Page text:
From here we will tweak a portion of Kyle Stetz' original code. Let's add a filter by adding a BiquadFilterNode.

var filter = context.createBiquadFilter();

Now let's assign it a type of 'lowpass' and give it a value of 250.

filter.type = 'lowpass';
filter.frequency.value = 250;

Next step, let's switch up our connections and get our signal flow correct.

osc.connect(filter);
filter.connect(gain);
gain.connect(context.destination);

Finally, we will replace linearRampToValueAtTime, withexponentialRampToValueAtTime. This ramps up the values exponentially, rather than linearly.

filter.frequency.exponentialRampToValueAtTime(550, context.currentTime + 0.8);
filter.frequency.exponentialRampToValueAtTime(200, context.currentTime + 0.2);

Both linearRampToValueAtTime and exponentialRampToValueAtTime are somewhat self explanitory. They will ramp to a value, the first argument, at a specific time, the second argument. We will talk about how webaudio deals with time in another tutorial. Just know that context.currentTime gives us the current time in webaudio when we call it.

In the above code, we exponentially ramp through the frequency range from 250, our orignaly filter.frequency.value, to 500. The function then ramps the frequency values down to 200, giving us a webaudio filter envelope.

Kyle has already given us an amplitude at the end of his demo.

In all, the JavaScript code should appear as below:

      window.context  = new AudioContext();
      window.keyboard = new AudioKeys({
        polyphony: 1,
        rows: 1,
        priority: 'last'
      });

      var oneRowLayout = true;
      var image1 = document.querySelector('#image1');
      var image2 = document.querySelector('#image2');

      var polyphony = document.querySelector('#polyphony');
      var priority = document.querySelector('#priority');

      document.querySelector('#row-select').addEventListener('change', function(e) {
        oneRowLayout = !oneRowLayout;
        image1.style.display = oneRowLayout ? 'block' : 'none';
        image2.style.display = oneRowLayout ? 'none' : 'block';
        keyboard.set('rows', oneRowLayout ? 1 : 2);
      });

      polyphony.addEventListener('change', function(e) {
        keyboard.set('polyphony', +e.target.value);
      });

      priority.addEventListener('change', function(e) {
        keyboard.set('priority', e.target.value);
      });

      var oscillators = {};

      keyboard.down( function(note) {
        var osc = context.createOscillator();
        var gain = context.createGain();
        var filter = context.createBiquadFilter();

        osc.frequency.value = note.frequency;
        osc.type = 'square';

        filter.type = 'lowpass';
        filter.frequency.value = 250;

        gain.gain.value = 0;

        osc.connect(filter);
        filter.connect(gain);
        gain.connect(context.destination);

        filter.frequency.exponentialRampToValueAtTime(550, context.currentTime + 0.8);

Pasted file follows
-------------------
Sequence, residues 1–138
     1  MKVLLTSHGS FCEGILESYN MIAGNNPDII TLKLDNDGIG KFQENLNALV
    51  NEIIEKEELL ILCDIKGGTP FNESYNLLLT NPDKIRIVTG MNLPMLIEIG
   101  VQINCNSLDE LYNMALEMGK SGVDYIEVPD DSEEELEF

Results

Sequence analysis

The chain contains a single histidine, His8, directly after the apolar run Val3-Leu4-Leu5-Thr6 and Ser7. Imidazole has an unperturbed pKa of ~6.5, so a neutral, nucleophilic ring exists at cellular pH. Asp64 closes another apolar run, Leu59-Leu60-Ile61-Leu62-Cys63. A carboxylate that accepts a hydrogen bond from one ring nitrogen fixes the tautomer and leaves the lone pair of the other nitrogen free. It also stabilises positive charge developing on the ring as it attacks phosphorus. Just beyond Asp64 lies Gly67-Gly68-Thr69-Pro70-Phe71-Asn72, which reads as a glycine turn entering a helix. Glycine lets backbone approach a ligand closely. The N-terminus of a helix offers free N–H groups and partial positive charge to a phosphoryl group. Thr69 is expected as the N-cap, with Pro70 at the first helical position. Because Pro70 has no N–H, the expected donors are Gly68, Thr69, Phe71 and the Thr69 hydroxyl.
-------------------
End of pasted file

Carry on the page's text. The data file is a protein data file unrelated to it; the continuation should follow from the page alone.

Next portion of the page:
filter.frequency.exponentialRampToValueAtTime(200, context.currentTime + 0.2);

        gain.gain.linearRampToValueAtTime(0.5, context.currentTime);
        gain.gain.linearRampToValueAtTime(note.velocity / 127, context.currentTime + 0.1);

        osc.start(0);
        oscillators[note.note] = {
          oscillator: osc,
          gain: gain
        };
      });

      keyboard.up( function(note) {
        if(oscillators[note.note]) {
          oscillators[note.note].gain.gain.linearRampToValueAtTime(oscillators[note.note].gain.gain.value, context.currentTime);
          oscillators[note.note].gain.gain.linearRampToValueAtTime(0, context.currentTime + 0.7);
          oscillators[note.note].oscillator.stop(context.currentTime + 0.8);
          delete oscillators[note.note];
        }
      });

Play with the code between lines 192 and 213 to create different tones and envelopes.

The HTML code should appear like below:

<html>
  <head>
    <script src="../dist/audiokeys.js"></script>
    <style>
      img
      {
        width: 100%;
      }
    </style>
  </head>
  <body>

    <label for="rows">Keyboard Layout:</label>
    <select name="rows" id="row-select">
      <option value="1">1 Row</option>
      <option value="2">2 Rows</option>
    </select><br>

    <label for="polyphony">Polyphony:</label>
    <select name="polyphony" id="polyphony">
      <option value="1">1</option>
      <option value="2">2</option>
      <option value="3">3</option>
      <option value="4">4</option>
    </select><br>

    <label for="priority">Priority:</label>
    <select name="priority" id="priority">
      <option value="last">Last</option>
      <option value="first">First</option>
      <option value="lowest">Lowest</option>
      <option value="highest">Highest</option>
    </select>

    <p></p>
    <hr>

    <img id="image1" src="../images/audiokeys-mapping-rows1.jpg" alt="">
    <img id="image2" src="../images/audiokeys-mapping-rows2.jpg" style="display: none" alt="">

    <script src="../js/index.js"></script>

  </body>
</html>

In conclusion, I hope you will find AudioKeys as useful as I have. One of the earliest struggles with webaudio was tying all the JavaScript together in order to make something more musical, something that more closely resembles an instrument. Using keyboard input is a great way to experiment with the many different abilities webaudio has to offer, as well as assisting with learning JavaScript eventlisteners and handlers.

  • For more information on AudioKeys and more of Kyle Stetz' developer work please poke around his github page.
  • For more information on linearRampToValueAtTime and other parts of webaudio, please visit the Mozilla Developer Network as well as the full webaudio spec found here
  • Please feel free to drop me an email with any feedback/questions.

Thomas Roberson

Thomas Roberson

Design Associate at Sonoport
Thomas is an American guitarist, electronic musician, sound designer, and audio engineer. Born in New Orleans, Louisiana, he has roots from a deep cultural and musical heritage. He has a solid understanding of sound synthesis and digital signal processing, as well as knowledge of several audio-programming languages including Max/MSP, Pure Data, and Supercollider. He has collaborated with choreographers, film-makers, and has assisted in the creation of sound art installations.
Thomas Roberson